Labour must be "tough-minded" on employment and the welfare state, according to Liam Byrne, the party's shadow work and pensions secretary.
Writing in the Guardian in anticipation of the 70th anniversary of the Beveridge report that laid the groundwork for the welfare state, Byrne laid out the principles that Labour should look to on welfare reform, though he stopped short of articulating a specific policy.
"For [Beveridge], 'idleness' was an evil every bit as insidious as disease or squalor," Byrne said.
"So he would have been horrified at the long-term unemployment breaking out all over Britain, with over a million young people without work, and appalled at the spiralling cost of benefits.
"He would scarcely have believed housing benefit alone is costing the UK over £20 billion a year. That is simply too high."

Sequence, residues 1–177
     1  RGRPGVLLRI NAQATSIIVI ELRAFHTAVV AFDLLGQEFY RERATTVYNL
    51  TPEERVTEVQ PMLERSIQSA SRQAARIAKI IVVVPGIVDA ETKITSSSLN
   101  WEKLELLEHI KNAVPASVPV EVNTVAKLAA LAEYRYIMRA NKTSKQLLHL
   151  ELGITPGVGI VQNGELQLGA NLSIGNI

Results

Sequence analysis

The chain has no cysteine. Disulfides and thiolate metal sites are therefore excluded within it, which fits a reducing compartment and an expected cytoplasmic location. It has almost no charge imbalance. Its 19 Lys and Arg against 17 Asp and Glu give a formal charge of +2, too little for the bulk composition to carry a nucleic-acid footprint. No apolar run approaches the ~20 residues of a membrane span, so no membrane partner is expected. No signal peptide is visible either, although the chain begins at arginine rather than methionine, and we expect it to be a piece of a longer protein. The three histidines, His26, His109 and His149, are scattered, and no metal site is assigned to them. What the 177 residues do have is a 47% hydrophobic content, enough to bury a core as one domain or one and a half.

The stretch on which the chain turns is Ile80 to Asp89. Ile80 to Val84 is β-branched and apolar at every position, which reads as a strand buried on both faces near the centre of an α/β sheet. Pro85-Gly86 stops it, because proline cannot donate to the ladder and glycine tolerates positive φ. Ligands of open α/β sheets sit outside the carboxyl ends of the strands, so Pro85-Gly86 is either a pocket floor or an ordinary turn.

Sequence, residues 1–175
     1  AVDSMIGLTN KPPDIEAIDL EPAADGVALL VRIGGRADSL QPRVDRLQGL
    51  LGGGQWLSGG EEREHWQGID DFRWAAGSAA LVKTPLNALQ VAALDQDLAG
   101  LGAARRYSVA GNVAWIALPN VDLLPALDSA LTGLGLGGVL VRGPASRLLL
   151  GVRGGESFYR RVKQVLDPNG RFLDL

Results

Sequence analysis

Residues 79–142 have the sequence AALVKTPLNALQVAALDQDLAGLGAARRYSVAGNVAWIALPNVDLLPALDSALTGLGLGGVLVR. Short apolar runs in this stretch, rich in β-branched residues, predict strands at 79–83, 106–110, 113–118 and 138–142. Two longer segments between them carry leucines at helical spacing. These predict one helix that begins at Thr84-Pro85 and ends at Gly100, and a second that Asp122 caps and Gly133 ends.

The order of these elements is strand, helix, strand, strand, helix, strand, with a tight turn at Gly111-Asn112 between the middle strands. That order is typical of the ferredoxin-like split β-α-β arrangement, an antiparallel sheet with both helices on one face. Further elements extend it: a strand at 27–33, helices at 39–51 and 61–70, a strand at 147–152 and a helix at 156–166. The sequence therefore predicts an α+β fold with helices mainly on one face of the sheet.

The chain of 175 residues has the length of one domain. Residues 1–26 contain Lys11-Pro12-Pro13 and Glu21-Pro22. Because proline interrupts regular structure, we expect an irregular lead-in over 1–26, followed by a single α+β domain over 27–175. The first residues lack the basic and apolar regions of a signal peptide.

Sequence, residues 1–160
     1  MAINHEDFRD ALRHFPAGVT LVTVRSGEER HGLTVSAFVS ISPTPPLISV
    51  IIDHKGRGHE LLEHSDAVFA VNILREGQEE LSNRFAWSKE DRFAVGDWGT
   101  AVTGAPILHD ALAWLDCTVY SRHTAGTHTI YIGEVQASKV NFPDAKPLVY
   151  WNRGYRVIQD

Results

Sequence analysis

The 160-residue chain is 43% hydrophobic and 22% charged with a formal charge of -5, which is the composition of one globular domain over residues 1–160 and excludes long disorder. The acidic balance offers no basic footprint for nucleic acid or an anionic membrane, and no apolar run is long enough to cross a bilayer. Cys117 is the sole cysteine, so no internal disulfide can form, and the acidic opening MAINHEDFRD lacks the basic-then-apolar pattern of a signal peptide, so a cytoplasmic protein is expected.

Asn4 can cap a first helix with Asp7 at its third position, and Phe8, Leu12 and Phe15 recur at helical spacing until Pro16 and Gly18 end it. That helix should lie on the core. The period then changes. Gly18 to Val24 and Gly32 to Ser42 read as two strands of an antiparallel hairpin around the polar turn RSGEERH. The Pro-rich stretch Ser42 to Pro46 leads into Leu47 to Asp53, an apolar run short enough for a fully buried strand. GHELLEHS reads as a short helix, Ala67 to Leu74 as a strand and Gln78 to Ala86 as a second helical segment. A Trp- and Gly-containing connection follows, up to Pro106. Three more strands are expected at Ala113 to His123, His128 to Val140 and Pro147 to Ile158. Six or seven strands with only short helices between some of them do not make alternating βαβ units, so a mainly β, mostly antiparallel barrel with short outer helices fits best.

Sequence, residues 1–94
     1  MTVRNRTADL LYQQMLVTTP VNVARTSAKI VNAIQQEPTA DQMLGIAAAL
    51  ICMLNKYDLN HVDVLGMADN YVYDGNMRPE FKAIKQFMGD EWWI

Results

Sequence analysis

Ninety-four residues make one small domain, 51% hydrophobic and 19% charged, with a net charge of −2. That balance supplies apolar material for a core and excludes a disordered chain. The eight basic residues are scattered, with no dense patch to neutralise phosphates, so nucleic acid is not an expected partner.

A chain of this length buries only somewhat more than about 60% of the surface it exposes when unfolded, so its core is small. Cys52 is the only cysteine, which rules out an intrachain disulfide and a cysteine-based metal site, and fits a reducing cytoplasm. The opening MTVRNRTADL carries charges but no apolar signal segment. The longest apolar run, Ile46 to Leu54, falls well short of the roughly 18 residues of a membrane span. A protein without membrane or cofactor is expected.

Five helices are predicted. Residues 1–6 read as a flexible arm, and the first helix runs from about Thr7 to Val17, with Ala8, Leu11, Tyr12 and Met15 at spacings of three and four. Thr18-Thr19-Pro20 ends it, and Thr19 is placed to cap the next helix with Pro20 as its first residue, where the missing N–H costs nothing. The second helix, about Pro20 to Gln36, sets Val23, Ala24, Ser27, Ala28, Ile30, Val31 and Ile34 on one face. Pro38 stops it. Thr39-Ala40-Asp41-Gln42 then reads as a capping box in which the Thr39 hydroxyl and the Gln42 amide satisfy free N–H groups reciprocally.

Liberal social reformer William Beveridge's vision helped pave the way for postwar British society and included the establishment of the National Health Service and a goal of full employment
Imagining how Beveridge might have addressed the current situation in the UK, Byrne added: "He would have wanted reform that was tough-minded and asked everyone to work hard to find a job."
The shadow minister also called for the restoration of the idea of something for something and said: "[Labour] won't win on welfare reform by default."
"Seventy years on from Beveridge, we are reclaiming his vision, learning from his political courage, understanding what has gone wrong in recent years as well as what has worked.
"Britain is a very different country to 70 years ago. That's why social security has to change. But in rethinking the future, Beveridge's first principles are the right place to begin."